Public funding for egg-head urbanism, while there’s none for innovation with bikes.

Is it just me, or are other people thinking governments distort human progress when they fund technological research? Think of it this way, how there are next to no grants you could apply for to find new applications for wool, but if you had some idea for a synthetic fibre one tenth as effective, you would be drowning in cash. Or think of how there is virtually no government funding for cycling, but squillions to help driverless car makers get their products to do something that cyclists do naturally, i.e., negotiate intersections without traffic signals or signs.

I’m sure many of us have found ourselves in the situation of getting government funding, or the ears of politicians, by talking about sensors or batteries on bikes, or phone apps that make bicycles “smart” in that way. Call me when the technology is actually awesome, like a button on the handlebars for opening doors. Most of you now are looking like farmers, applying for any useless funds that you can, even it’s just to put micro chips in sheep’s arses.

I know facebook and twitter skew toward bigger government and that most blog readers click through from those sites, so I apologise (kind of)  for certain opinions that are laissez faire. An example is that I don’t believe in arts funding. Andy Warhol and Truman Capote funded paradigm changing work from commercial work they did off their own bats. Art funded by arts committees maintains the status quo that put those committees in place.

If we turn our minds from the worlds of literature and art to city planning, we see a world groaning from the weight of technology apps, sensors, trackers, smart poles, big data and other technological wizardry. One obvious irony is that the cycle of innovation, production and consumption causing the world’s ecological strain is held up as the cycle that will lead us to a sustainable future. The other irony is that the wizards in this, when you meet them, are often wearing cardigans made out of…wait for it… wool.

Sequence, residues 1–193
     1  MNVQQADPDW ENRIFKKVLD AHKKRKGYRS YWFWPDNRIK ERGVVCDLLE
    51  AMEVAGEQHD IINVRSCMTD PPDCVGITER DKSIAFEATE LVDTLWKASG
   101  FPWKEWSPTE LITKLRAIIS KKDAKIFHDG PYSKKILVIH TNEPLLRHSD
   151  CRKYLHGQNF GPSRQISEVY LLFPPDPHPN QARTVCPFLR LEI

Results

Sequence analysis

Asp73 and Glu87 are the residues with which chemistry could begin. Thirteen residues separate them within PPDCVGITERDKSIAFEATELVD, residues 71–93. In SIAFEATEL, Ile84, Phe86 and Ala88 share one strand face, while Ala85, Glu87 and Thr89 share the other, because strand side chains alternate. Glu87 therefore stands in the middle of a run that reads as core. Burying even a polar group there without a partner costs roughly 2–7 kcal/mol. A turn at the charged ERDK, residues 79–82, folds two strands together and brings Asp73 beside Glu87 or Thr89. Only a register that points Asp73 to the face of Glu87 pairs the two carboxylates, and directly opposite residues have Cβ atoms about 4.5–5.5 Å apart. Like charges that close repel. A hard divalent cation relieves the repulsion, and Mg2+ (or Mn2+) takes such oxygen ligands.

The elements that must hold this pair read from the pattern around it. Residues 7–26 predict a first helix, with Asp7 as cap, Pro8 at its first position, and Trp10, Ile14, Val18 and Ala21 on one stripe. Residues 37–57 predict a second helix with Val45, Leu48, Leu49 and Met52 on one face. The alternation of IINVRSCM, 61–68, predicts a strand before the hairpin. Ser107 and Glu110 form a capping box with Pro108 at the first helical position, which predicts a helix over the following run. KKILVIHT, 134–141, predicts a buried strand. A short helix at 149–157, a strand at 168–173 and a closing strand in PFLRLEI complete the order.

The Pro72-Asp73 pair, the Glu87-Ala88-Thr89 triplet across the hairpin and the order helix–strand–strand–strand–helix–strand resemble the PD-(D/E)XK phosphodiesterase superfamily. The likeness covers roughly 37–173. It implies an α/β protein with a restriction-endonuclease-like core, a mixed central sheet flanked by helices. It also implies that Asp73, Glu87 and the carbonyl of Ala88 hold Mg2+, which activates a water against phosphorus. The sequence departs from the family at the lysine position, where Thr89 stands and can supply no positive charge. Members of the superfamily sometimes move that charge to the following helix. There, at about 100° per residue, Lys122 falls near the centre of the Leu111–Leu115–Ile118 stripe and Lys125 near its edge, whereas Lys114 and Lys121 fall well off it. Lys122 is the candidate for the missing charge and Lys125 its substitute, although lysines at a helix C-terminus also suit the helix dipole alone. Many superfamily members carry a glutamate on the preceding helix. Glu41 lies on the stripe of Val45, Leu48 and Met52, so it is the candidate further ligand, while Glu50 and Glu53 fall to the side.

I just wish they could see that what is good for their shoulders is good for the layers of clothing beyond that: their buildings and cities.

Why add an air conditioner to your house that you switch on with your phone when you can have sun shades and cross-ventilation? Why build apartments blocks with dozens of lifts when a block can be oriented around one or two lifts, and use a spiralling floor plate navigated with bikes for most of the vertical circulation? Why fill streets with driverless cars and app-based mobility solutions when we can partially cover our streets from the worst of the weather and navigate them on bikes?

If I may coin a phrase, this is woollen cardigan thinking. It’s the kind of thinking that, maybe, you have had on your bike. It looks for innovative assemblages of elements that themselves are quite simple, often natural, and possibly timeless. Great ideas can be had in synthetics as well, it’s just that we’re drowning in technological thinking these days. We’re encouraging too much of it, with public funds.

3 Comments

  1. troy says:

    Here here. As all our jobs disappear to AI, I kind of suspect we may turn our back to some degree on technology. We’ll have no useful purpose anymore, other than to make ourselves happy by making artisinal coffees for each other from the back of our DIY cargobikes. We already seek purpose in purposeless shit, my hope is we find the true joy in the simplicity of most things that have ensnared us for generations.

  2. colin878 says:

    You channeling Jane Jacobs, or Hayek here? Just don’t start calling yourself a libertarian.

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